Ah payment gateways. The, uh, gateway…to making payments. Yeah.
Previously called PHPurchase, Cart66 (and its free sibling Cart66 Lite) are full-featured e-commerce plugins for selling products via WordPress. Cart66 comes out-of-the-box with several integrated gateways: Authorize.net, PayPalPro, and PayPal Express. It also has a handy feature where you can add an Authorize.net-compatible gateway right in the payment options menu.
But, what if you need a customized payment gateway? Like, say TransFirst TransLink?
After purchasing/downloading Cart66 (I’m using the paid version 1.0.7), follow these “easy” steps —
- Add additional option for your payment gateway to the option list in
- Make a copy of an existing gateway file (such as
- Update the properties of the gateway class to handle the payment in an appropriate manner specific to that gateway — remap fields, change the remote-request format, etc (see the following table)
- Add shortcodes for the checkout form of your new gateway:
- to the shortcode init function
contentpluginscart66modelsCart66.php, register the checkout shortcode itself like checkout_xxxgatewayxxx
- to the shortcode manager class
contentpluginscart66modelsCart66ShortcodeManager.php, add the shortcode callback xxxgatewayxxxCheckout()
- to the actual checkout page (via the WP dashboard) on your checkout page, add/replace the default gateway checkout shortcode with your new shortcode checkout_xxxgatewayxxx
- also allow the new gateway type by adding your gateway class name to the
- to the shortcode init function
Please note that in step 1, I chose to simply add the gateway to the Authorize.net section of the Cart66 options, instead of creating a whole new section (like PayPal vs. Auth.net), as the parameters ended up being very similar. This means you only need to add the gateway URL (http://epaysecure1.transfirst.com/elink/authpd.asp) to the select-list (in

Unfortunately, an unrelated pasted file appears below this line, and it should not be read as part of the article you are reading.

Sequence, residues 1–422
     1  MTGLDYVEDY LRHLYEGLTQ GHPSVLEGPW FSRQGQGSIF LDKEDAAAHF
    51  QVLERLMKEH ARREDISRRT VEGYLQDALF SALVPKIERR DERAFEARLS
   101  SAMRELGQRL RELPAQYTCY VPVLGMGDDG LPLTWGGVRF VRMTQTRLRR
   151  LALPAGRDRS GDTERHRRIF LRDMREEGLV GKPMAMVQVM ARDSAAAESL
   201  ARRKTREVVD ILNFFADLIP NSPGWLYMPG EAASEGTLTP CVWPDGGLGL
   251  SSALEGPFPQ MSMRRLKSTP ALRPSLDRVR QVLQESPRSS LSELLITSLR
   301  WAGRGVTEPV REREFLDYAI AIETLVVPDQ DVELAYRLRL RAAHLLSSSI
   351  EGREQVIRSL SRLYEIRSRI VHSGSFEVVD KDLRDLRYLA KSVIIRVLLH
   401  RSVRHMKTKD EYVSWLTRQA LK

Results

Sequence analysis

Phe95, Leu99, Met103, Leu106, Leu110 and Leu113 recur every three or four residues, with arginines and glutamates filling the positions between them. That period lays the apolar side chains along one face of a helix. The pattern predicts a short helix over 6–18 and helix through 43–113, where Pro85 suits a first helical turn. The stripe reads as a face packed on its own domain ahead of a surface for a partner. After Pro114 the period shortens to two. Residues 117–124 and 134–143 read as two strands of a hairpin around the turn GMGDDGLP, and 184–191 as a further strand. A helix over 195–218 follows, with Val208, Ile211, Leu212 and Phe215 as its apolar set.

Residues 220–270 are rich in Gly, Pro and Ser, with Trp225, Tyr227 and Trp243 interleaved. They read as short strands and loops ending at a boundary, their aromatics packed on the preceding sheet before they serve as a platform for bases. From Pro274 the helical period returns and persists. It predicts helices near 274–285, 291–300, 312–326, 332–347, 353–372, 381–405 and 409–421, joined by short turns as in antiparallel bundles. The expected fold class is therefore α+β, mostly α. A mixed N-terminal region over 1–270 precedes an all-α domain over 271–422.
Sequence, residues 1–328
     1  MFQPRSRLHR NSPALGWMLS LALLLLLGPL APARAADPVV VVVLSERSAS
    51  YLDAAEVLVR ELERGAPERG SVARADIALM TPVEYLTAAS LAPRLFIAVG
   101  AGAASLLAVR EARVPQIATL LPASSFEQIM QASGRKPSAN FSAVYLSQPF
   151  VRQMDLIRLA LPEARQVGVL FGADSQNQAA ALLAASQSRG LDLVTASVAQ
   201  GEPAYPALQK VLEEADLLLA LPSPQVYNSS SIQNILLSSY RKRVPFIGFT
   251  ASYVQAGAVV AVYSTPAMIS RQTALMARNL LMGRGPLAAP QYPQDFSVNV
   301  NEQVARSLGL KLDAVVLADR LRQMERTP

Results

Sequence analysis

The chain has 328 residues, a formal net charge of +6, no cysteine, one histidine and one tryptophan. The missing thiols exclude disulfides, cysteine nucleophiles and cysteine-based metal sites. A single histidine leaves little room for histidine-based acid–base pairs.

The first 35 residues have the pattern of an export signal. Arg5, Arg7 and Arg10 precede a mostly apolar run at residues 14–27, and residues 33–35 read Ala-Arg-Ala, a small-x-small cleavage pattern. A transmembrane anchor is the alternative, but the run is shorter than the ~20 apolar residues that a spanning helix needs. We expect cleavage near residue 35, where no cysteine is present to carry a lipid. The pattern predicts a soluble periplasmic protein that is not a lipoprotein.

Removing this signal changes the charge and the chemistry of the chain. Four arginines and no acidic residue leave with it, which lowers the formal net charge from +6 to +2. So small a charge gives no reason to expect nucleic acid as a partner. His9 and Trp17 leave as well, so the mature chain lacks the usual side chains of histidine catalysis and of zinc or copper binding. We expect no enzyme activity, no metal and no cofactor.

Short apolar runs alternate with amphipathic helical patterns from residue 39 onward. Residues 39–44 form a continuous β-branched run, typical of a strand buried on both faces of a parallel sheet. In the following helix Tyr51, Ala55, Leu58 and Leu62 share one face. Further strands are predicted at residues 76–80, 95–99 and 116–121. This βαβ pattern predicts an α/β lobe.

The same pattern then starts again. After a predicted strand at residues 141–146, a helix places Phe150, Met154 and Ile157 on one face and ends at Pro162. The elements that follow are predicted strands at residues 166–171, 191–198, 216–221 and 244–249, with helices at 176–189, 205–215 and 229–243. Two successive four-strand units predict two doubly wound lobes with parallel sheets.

/content/plugins/cart66/admin/settings.php), and processing is handled by Cart66.
The meat of the change, obviously, comes in your custom gateway class. Download the sourcecode for the custom class (attached).
I’ve added some additional methods not present in the original gateway abstract to help with processing and validation:
|Method/Property||Inherited From Abstract?||Description|
||Yes, unchanged||internal storage for gateway parameters|
||No||helper lists of potential fields – for validation, and in the case of TransFirst to keep track of everything|
||No||Translates the gateway response code value (for TransFirst)|
||Yes +||Modified constructor – add default fields and initialize the _possibleFields, etc.|
||Yes, unchanged||just lists the available card types|
||Yes||helper method to add fields to internal storage
Added validation to check if key is in _possibleFields
||Yes +||Gets the payment and billing details, then sets up the checkout properties.
||No||Process the string response into meaningful sections, and return transaction success or failure (with reason)|
||Yes||Handles the curl (remote-request) to the actual payment gateway after building the post-string from the user submission.
Minor changes here – mostly remapping the different fields
||Yes, unchanged||helper methods for retrieving stuff|
Update: I’ve since found out about the built-in WordPress remote-request function
wp_remote_post. I haven’t updated the source file, but any use of
curl should be replaced with this function.
Update 2: Added the gateway URL per commenter request.